Microsoft Launches So.Cl, A Social Network That Combines Web Search With Social Sharing

Over the weekend, Microsoft quietly took the wraps off its own fledgling social network, So.Cl, which aims to make searching the web and other research tasks a bit more soaciable. The network claims to be targeted to students who want to search together, but anyone can potentially sign up and try it out.

To sign up, you’ll need either a Windows Live login or a Facebook account (though you may be told you’re on a waiting list rather than getting immediate access). Once you’re logged in, you can add various interests so people searching for topics in those areas will appear in your activity feed, and you can follow any of your Facebook friends already using So.Cl. From there, you can browse additional interests, add them manually, and build out your feed. If you find someone searching for something you’re also interested in, you can follow their searches, and they can follow you.

To start sharing searches, just type in a search term at the top of the window — you’ll see standard Bing search results, but your search will also be published to your activity feed, so others can see what you’re researching. Ideally — and perhaps at some point if So.Cl grows — subject matter experts and others will be able to help you find what you’re looking for. If you find something useful, you can share that with your feed as well. You’ll also see the typical elements of any social networking service: status updates and often-random links.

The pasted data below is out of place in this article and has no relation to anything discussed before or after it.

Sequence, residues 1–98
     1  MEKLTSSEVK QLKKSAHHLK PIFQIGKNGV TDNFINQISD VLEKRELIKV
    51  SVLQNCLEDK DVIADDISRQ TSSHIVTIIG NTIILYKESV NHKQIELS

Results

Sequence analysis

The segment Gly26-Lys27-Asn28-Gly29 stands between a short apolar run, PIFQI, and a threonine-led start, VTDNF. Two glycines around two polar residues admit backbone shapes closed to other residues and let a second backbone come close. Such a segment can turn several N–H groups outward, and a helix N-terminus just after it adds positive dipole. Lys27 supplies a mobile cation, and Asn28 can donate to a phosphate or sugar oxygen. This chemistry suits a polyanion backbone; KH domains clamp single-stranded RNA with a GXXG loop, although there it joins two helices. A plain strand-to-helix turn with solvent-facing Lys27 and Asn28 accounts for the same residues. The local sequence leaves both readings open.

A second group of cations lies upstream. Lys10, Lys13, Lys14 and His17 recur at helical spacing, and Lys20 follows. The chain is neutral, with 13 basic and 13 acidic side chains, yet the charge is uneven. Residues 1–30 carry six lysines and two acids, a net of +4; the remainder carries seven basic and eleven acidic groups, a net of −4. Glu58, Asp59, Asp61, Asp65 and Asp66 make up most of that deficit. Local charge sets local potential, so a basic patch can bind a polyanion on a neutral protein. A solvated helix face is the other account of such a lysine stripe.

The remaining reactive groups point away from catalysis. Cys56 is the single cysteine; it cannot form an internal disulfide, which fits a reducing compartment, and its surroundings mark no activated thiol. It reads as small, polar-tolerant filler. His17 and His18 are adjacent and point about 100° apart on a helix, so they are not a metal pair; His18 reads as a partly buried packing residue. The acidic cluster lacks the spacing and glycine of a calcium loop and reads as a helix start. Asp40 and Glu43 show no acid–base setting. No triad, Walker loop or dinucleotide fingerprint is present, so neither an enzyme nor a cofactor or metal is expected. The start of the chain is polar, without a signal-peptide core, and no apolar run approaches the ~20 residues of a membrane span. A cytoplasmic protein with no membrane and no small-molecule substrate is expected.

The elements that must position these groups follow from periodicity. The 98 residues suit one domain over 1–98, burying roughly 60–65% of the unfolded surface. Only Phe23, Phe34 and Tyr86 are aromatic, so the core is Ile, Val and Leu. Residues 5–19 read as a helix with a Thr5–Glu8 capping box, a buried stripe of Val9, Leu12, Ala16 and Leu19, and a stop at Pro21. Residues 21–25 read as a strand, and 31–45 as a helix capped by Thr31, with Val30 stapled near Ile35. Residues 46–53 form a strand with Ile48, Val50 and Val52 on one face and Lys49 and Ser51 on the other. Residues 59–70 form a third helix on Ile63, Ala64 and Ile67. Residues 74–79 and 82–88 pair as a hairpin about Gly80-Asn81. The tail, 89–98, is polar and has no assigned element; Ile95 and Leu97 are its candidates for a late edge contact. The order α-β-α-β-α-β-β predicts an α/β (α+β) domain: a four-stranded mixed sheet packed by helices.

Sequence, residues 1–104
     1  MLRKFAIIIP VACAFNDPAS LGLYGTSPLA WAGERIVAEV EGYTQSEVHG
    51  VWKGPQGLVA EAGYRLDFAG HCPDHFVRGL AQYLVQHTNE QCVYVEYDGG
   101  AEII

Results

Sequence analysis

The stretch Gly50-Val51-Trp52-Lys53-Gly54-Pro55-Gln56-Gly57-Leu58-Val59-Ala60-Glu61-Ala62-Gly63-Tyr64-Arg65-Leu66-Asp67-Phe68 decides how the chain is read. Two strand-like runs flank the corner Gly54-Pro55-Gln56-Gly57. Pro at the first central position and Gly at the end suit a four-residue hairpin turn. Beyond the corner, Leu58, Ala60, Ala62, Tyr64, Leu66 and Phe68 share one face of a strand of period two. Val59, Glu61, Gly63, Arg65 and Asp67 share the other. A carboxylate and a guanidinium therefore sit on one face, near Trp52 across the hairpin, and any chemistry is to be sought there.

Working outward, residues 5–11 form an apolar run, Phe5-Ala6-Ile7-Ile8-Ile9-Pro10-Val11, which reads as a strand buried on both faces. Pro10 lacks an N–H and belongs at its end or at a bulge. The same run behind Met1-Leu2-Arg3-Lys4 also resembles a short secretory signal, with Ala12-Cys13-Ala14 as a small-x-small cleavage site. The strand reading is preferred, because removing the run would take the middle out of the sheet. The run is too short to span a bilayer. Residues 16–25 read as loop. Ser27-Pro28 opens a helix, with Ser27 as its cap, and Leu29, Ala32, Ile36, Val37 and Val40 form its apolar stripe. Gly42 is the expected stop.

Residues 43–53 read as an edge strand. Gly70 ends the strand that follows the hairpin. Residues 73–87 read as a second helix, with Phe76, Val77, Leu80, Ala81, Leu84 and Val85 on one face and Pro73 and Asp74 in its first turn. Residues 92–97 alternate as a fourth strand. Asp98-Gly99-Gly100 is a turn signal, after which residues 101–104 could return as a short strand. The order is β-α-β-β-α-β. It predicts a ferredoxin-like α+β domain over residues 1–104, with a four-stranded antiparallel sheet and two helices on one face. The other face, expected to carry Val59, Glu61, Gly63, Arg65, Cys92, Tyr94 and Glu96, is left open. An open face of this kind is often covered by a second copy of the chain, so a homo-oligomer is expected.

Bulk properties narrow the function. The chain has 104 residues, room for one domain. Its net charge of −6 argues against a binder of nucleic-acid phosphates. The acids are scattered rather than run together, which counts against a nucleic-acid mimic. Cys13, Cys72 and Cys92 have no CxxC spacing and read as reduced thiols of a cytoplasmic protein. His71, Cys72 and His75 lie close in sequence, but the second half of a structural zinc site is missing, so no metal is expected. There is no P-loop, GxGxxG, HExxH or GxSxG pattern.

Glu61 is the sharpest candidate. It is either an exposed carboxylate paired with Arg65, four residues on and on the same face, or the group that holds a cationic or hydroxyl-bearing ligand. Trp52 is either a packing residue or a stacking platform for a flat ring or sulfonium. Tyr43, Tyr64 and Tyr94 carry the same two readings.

Finally, borrowing a page from Google+’s Hangouts, So.Cl has “video parties”, where you can start a YouTube video or playlist of videos and invite friends to chat with you while you watch them. Open the party to the public, and anyone can sit in, watch videos, and discuss. I tried this a couple of times, and usually the party was a string of YouTube videos, a few people, and no-one talking.

So.Cl is definitely a young product, and error messages abound when trying to add interests or follow people. There are also no mobile apps to speak of yet — the design is entirely desktop-centric. Still, it’s less than a day old. While it doesn’t feel like its purpose is fully defined, and it doesn’t do anything that other social networks don’t already do, there are still people on it. Have you tried it? What were your first impressions? Let us know in the comments below.



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